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Trial in Lakeside boy's death pushed back to 2023

Jordan Carter's defense team has retained medical experts and expects to present contrary opinions in the 2020 death of Cameron Gordon.

Jordan William Carter
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DULUTH — The trial of a Lakeside man accused of fatally assaulting his then-fiancee's 3-year-old son has been postponed until early next year.

It is the second delay in the case of Jordan William Carter, 32, who is charged with intentional second-degree murder in the September 2020 death of Cameron Joseph Gordon.

FILE: Cameron Joseph Gordon
Cameron Joseph Gordon

The continuance was requested in late June by defense attorney Eric Olson, who said a key medical expert was unavailable to testify in the trial, which was slated to begin with jury selection July 11.

Judge Theresa Neo agreed to remove the case from the calendar and this week rescheduled the two-week proceeding to begin Jan. 3.

The trial is expected to feature competing medical opinions on how Cameron may have suffered his fatal head injuries while in Carter's care. Authorities say evidence points to the intentional infliction of head trauma, while the defense has maintained that he suffered an accidental fall down the stairs.


Court documents state that Carter told police Cameron fell in the family's home on the 4800 block of East Colorado Street on Sept. 3, 2020. He said the boy was "back to his normal routine" by Sept. 4, until he found the child unresponsive that afternoon. But authorities noted that he had also texted the boy's mother at one point to say: "You gave birth to satan."

Cameron was taken to a Duluth hospital, where doctors suspected child abuse, before he was flown to Children's Hospital in Minneapolis and removed from life support Sept. 6. Medical professionals determined he had brain hemorrhaging and a number of bruises and internal injuries that were "not consistent with a stairway fall."

The Hennepin County Medical Examiner's Office ruled Cameron's death a homicide by blunt-force trauma to the head and neck.

St. Louis County prosecutor Vicky Wanta has provided notice that she may call several medical professionals, including Dr. Albert Merric, of Duluth, a neurosurgeon with training in head and spine trauma who treated Cameron, to offer an expert opinion that his death was the result of head trauma inflicted by the defendant.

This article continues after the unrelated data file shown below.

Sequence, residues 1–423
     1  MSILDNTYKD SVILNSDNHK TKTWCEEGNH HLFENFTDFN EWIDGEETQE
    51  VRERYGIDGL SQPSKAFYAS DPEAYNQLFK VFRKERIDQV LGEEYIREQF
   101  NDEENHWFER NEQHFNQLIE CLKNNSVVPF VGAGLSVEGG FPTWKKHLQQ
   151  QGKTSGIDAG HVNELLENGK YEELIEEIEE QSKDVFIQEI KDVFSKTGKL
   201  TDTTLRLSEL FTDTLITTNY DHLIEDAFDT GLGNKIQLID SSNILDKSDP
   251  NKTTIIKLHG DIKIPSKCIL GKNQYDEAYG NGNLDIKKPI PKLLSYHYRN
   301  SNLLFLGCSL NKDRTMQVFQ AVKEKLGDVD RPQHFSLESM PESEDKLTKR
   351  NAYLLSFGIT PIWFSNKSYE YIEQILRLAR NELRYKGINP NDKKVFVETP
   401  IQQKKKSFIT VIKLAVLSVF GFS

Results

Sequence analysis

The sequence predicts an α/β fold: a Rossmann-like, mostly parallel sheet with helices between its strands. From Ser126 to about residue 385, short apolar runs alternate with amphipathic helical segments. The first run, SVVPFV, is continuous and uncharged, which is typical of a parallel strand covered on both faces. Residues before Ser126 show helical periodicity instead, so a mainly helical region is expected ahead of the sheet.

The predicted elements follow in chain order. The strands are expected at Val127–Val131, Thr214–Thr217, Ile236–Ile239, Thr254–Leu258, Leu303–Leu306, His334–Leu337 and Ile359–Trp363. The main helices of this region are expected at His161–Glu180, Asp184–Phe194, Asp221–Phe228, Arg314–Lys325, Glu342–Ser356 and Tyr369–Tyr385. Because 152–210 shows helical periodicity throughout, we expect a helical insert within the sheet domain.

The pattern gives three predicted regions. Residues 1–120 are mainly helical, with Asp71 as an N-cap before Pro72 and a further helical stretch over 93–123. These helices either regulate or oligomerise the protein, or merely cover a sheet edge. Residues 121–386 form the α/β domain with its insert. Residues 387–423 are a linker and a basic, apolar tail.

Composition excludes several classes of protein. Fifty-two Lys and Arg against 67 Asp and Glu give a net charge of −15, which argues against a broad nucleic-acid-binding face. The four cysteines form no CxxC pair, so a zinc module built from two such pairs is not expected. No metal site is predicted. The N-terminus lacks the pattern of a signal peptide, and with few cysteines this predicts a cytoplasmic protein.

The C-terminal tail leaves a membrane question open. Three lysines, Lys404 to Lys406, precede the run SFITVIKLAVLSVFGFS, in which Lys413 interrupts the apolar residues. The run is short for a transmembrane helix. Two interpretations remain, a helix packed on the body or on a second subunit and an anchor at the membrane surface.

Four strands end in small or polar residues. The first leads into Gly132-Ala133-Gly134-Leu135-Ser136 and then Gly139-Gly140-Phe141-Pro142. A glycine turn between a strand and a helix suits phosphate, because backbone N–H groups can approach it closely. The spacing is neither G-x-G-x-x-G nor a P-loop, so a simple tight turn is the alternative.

Since Carter was charged in December 2020, the defense has independently retained at least three medical experts to review the hospital and autopsy reports and offer their own opinions on the cause of death.

One is Dr. Joseph Scheller, a Maryland-based pediatric neurologist who frequently testifies in child death cases throughout the nation.

"Dr. Scheller provided a report offering his opinion that the child's brain injuries could be the result of an accidental fall down a flight of stairs the day before his loss of consciousness," Olson told the court. "This accidental fall is documented in police reports and by the expected testimony of law witnesses, and Dr. Scheller's expert opinion is that this accidental fall down the stairs could have caused a slow brain bleed and swelling that ultimately led to the child's death."

Scheller, however, was "absolutely unavailable" to testify at the Duluth trial this week, Olson said, as he was already booked to appear at four matters in Florida, Illinois and Virginia.


Attorneys said Hennepin County has failed to turn over requested materials to a defense expert in the death of 3-year-old Cameron Gordon, necessitating a delay in the trial of Jordan Carter.

"Mr. Carter has a constitutional right to present a complete defense," he said in requesting the delay. "If he is compelled to proceed to trial without Dr. Scheller, then Mr. Carter will have no way to rebut the anticipated testimony of Dr. Merric or to present evidence in support of his defense that the child died from an accidental fall down the stairs."

The defense declined to have Scheller testify by video at this month's scheduled trial, citing a "diminished" persuasive effect on the jury. Judge Neo granted the postponement but directed the defense to take steps to ensure the doctor will be available to travel to Duluth for the January date.

The trial was previously delayed from late February, with both sides sharply criticizing the Hennepin County Medical Examiner's Office for significant delays in providing autopsy materials to another defense expert.

Carter has remained free on bond while the case is pending.

Tom Olsen has covered crime and courts for the Duluth News Tribune since 2013. He is a graduate of the University of Minnesota Duluth and a lifelong resident of the city. Readers can contact Olsen at 218-723-5333 or tolsen@duluthnews.com.
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